The bioflavonoid, hesperidin, is a water-soluble antioxidant that is widely distributed in the plant kingdom. It is often found together with vitamin C in fruits and enhances vitamin C activity within the body. Hesperidin is particularly concentrated in citrus rinds as a non-bitter tasting flavonoid glycoside. Bioflavonoids, in general, are essential for the processing of vitamin C within the body, the maintenance of capillary walls and the fortification of collagen, the intercellular “cement” of the body. A deficiency of hesperidin in the diet has been linked with abnormal capillary leakiness as well as pain in the extremities causing aches, weakness and night leg cramps. Additionally, hesperidin and other flavonoids modulate the activity of various enzymes that positively influence normal as well as malignant cells and have noted anticancer activity. Supplemental hesperidin may also help reduce edema or excess swelling in the legs due to fluid retention. Like other bioflavonoids, hesperidin works best when given with vitamin C and other bioflavonoids. Hesperidin and other flavonoids are widely used for the treatment of chronic venous insufficiency (CVI). In clinical trials, a product containing hesperidin together with one other flavonoid (diosmin), has demonstrated its activity by improving venous tone and vein elasticity. Randomized, double-blind, placebo-controlled clinical studies have shown an improvement in signs and symptoms related to chronic venous insufficiency and a decrease in leg circumferences at the ankle and calf. Additionally, a randomized double-blind, placebo-controlled clinical study has shown that treatment with this flavonoid for 2 months, in addition to standard compression therapy, accelerates leg ulcer healing in patients with ulcers. These findings are of particular significance for diabetic patients. Studies show that hesperidin also improves lymph drainage and protects microcirculation. Hesperidin is also effective for treating pain, sensation of swelling, cramps, hemorrhoids, varicose veins and purplish spots (capillary bruising) on skin.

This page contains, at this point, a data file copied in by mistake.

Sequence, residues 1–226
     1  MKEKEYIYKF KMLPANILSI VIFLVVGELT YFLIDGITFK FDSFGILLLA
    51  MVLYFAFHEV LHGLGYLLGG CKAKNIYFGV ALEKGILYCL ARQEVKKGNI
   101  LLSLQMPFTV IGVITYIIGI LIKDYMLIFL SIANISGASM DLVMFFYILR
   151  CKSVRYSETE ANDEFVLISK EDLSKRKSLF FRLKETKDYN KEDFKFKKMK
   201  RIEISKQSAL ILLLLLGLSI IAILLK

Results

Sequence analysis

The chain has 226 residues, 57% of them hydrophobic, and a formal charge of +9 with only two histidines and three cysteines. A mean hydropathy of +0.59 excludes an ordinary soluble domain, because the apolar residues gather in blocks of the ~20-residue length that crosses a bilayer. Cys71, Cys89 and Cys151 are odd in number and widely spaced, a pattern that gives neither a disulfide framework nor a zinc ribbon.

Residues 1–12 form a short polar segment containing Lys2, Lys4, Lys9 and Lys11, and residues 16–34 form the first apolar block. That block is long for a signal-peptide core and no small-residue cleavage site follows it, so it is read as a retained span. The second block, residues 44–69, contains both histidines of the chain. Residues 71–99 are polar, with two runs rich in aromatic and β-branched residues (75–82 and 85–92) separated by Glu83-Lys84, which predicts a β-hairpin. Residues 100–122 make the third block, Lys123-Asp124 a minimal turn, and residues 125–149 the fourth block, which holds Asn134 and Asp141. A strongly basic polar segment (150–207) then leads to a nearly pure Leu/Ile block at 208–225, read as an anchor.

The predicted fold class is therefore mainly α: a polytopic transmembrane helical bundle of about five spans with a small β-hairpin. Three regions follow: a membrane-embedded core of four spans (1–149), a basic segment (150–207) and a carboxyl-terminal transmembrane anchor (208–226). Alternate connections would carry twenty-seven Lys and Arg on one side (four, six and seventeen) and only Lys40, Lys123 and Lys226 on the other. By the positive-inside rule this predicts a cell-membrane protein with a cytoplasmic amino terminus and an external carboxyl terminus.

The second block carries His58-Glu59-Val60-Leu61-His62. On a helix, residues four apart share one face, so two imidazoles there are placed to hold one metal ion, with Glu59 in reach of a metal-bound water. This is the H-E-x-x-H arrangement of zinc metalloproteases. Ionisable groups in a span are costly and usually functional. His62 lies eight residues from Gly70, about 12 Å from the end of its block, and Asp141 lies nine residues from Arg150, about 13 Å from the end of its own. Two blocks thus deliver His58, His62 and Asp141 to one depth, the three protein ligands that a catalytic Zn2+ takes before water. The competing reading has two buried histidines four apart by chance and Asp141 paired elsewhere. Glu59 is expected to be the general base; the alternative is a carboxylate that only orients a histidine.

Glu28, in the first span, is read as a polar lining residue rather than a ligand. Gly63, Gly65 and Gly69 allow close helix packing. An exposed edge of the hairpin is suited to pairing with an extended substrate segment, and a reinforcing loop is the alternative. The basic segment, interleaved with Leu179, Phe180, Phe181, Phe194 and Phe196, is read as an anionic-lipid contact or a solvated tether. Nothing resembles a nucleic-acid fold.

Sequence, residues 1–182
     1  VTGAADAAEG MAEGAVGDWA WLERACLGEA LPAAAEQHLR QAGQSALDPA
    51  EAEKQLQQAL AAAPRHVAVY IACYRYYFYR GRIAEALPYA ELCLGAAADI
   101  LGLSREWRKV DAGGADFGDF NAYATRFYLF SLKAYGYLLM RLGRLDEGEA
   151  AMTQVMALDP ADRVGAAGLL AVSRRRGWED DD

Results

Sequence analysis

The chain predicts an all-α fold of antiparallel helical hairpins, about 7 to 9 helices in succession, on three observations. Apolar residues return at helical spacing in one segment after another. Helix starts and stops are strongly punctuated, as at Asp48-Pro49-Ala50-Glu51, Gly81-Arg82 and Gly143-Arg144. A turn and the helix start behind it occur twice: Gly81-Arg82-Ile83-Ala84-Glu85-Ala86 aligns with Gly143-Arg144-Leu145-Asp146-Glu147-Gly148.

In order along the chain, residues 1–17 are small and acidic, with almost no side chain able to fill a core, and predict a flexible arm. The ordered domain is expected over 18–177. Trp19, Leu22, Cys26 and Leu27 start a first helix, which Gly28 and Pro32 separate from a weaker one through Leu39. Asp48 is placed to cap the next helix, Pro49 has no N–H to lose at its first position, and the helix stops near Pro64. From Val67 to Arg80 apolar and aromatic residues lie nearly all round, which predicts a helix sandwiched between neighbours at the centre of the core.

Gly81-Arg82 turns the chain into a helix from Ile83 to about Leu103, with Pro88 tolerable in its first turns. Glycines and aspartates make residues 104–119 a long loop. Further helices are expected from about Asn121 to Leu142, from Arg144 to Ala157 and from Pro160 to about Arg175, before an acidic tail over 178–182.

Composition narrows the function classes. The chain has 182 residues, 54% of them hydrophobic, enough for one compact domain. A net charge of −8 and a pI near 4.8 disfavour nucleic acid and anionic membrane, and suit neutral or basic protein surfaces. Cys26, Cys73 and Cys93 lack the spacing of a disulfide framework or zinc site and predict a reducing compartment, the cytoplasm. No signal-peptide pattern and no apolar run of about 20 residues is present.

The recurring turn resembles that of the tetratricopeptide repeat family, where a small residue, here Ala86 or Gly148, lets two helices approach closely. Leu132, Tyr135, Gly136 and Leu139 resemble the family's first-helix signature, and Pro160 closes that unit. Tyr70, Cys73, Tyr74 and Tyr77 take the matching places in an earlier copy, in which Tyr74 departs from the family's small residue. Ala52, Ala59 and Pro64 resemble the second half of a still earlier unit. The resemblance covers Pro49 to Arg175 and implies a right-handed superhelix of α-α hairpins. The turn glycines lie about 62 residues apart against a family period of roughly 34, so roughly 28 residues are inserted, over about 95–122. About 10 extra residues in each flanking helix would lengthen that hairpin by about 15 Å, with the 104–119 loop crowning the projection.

Chemistry: